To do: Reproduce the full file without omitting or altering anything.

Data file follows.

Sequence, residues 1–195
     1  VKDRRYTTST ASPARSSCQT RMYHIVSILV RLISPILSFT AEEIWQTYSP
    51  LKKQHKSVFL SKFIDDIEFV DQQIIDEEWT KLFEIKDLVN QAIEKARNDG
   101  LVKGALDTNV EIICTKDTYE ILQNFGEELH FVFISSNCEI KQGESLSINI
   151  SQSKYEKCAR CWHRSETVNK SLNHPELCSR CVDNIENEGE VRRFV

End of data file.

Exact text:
Sequence, residues 1–195
     1  VKDRRYTTST ASPARSSCQT RMYHIVSILV RLISPILSFT AEEIWQTYSP
    51  LKKQHKSVFL SKFIDDIEFV DQQIIDEEWT KLFEIKDLVN QAIEKARNDG
   101  LVKGALDTNV EIICTKDTYE ILQNFGEELH FVFISSNCEI KQGESLSINI
   151  SQSKYEKCAR CWHRSETVNK SLNHPELCSR CVDNIENEGE VRRFV